I did not always want to be an educated person, and upon reflection, I’m not so sure that I am now. Back in the 1950s when I was in high school, I could only think about two things, driving a great car and having a good looking girlfriend. I had absolutely no intention of going to college; I hated high school and loved working. I had very colorful report cards because the grades below passing were written in red ink; my report cards were liberally sprinkled with red. My plan was to get the minimal number of credits required for graduating and then head out into the world.
My junior and senior year I attended classes for about four hours in the morning and then went to work around 1 p.m. I usually worked until 9 p.m. I was working full time, at my father’s company for minimum wage. Two dollars per hour seemed like a lot of cash to me in 1959, and I got a bunch of overtime in the spring. The entire time I worked for my father’s company, I never once made more money than anyone else at my pay grade. He made it abundantly clear that I would receive no special favors.
My senior English teacher, Miss Stevenson, didn’t much care whether I wanted to be in her class or not, she was going to teach me as much as she could, even if I wasn’t trying to learn. She had us read a lot of good literature, some of which I didn’t like. But, a lot of those assignments included me choosing something from her book list that I actually wanted to read. Because I love to read, I read a lot of books and if they were on Miss Stevenson’s “read list” they had to be great literature. Toward the end of that year, we had to read one book from her list and write a comprehensive report about that book. My grades on the grammar portion of the class were just below passing, because I almost never did the homework assignments. This assignment was my chance to get my grade back up to passing.
I do not remember the name of the book that I read for my report, but I loved it and worked harder than I had ever worked on any homework assignment. I wrote and re-wrote that report until it was perfect. I proudly turned it in to Miss Stevenson. The next day she asked me to stay after class for a “conference.” I was sure she was going to compliment me on writing a great report. Wow — was I ever wrong! She started that “conference” by asking who had written my report. She said, “You have never done work of this quality and I know you didn’t write it.” No amount of explanation on my part could convince her otherwise. Finally she offered a compromise, she said, “Rewrite this report, without any help and bring it back to me.”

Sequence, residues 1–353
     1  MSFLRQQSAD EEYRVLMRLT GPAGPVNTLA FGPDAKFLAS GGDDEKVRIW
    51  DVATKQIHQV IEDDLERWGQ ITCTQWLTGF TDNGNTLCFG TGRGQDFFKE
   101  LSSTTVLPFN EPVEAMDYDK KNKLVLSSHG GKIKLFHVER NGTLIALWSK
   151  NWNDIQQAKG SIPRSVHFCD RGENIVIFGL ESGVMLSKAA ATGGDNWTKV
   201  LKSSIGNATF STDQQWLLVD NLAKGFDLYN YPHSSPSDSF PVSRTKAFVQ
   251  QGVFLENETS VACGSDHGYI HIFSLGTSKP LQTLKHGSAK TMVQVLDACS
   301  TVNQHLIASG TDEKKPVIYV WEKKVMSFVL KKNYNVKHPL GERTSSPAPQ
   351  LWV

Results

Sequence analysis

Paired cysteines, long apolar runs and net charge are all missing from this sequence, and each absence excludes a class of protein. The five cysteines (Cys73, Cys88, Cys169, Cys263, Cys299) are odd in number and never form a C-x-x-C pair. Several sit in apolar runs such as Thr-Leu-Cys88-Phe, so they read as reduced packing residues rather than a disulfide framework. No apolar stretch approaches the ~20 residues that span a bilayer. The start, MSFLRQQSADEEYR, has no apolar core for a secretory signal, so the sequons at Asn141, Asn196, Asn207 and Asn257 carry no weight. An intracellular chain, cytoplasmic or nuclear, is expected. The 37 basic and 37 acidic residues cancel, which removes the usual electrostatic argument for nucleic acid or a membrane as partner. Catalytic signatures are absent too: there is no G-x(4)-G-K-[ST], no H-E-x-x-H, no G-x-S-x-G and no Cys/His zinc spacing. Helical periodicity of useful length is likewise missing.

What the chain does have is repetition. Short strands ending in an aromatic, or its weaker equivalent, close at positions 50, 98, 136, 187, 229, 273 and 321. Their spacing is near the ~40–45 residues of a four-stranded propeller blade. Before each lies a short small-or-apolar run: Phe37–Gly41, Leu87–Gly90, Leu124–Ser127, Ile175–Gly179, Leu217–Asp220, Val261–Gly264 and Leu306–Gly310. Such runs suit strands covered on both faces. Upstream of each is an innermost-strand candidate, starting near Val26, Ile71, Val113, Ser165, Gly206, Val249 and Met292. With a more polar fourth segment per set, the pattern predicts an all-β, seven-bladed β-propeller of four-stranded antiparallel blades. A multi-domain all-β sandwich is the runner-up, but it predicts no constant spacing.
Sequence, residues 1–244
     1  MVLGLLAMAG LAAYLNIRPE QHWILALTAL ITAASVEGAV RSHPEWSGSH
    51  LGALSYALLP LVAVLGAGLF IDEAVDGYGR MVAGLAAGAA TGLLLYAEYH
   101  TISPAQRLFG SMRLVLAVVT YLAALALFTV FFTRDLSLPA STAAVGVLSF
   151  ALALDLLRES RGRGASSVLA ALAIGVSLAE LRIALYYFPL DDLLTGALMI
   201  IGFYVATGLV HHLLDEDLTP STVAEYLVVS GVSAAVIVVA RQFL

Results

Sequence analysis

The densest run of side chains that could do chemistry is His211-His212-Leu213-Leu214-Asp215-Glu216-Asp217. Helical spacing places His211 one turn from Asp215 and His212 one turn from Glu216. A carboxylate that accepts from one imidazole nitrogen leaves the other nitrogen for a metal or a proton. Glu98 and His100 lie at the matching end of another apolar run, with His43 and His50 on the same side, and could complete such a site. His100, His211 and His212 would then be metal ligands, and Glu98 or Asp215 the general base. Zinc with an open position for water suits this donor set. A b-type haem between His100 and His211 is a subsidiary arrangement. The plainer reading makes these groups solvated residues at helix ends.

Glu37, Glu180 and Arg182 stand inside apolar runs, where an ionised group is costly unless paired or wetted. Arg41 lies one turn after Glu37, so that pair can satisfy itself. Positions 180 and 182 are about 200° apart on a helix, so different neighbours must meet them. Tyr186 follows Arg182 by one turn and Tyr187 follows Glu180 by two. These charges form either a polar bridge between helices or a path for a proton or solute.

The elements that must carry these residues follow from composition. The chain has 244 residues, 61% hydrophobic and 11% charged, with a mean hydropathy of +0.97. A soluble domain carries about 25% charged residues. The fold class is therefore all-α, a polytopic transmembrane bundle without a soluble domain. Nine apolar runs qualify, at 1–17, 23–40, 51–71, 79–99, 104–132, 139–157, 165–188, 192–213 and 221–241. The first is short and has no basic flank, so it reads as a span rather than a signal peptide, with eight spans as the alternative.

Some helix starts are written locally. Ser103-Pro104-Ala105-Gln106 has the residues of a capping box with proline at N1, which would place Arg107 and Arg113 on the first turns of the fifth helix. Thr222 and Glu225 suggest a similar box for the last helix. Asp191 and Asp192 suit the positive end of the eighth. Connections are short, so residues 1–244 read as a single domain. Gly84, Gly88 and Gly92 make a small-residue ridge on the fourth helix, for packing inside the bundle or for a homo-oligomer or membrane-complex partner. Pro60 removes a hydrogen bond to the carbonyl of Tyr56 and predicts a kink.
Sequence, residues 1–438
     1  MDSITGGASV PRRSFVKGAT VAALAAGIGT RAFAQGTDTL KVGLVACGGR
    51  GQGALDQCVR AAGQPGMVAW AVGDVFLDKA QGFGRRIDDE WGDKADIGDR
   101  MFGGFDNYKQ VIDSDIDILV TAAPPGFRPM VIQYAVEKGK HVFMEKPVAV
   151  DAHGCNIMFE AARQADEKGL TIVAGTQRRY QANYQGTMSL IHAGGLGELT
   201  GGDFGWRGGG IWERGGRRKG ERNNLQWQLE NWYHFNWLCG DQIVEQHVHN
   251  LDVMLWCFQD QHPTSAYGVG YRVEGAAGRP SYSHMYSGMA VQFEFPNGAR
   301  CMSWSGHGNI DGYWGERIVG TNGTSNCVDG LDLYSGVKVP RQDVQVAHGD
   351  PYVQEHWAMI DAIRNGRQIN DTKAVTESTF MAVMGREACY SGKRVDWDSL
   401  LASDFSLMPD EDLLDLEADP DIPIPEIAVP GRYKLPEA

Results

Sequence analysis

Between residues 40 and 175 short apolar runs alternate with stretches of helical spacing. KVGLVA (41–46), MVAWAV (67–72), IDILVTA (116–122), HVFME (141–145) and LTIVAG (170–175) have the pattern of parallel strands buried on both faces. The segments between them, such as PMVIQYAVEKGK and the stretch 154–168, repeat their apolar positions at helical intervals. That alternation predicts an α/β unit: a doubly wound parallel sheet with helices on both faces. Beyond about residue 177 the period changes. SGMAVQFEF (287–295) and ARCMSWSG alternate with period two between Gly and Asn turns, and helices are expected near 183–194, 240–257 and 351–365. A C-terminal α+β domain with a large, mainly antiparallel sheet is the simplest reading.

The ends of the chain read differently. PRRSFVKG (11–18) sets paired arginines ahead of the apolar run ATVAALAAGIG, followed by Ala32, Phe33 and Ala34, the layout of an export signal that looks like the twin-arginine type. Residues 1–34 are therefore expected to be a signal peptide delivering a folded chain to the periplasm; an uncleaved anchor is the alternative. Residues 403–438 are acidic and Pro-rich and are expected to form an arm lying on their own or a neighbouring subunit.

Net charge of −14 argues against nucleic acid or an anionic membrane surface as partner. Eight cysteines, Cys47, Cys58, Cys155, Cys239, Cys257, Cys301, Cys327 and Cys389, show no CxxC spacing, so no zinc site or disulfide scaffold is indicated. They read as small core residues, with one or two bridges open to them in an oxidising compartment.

I rewrote my report, intentionally misspelling several words, using no commas, taking out a few sentences, rewriting them and adding all but one back. I turned in my revised report and two days later she handed it back with a letter grade of C — and I was thrilled! But then she said, “After school you and I have a conference with the principal.” I was concerned she was going to tell him I had cheated on that report. Thankfully, I was wrong again; the conference was short and to the point. They told me my year-end grade average was 68, not passing.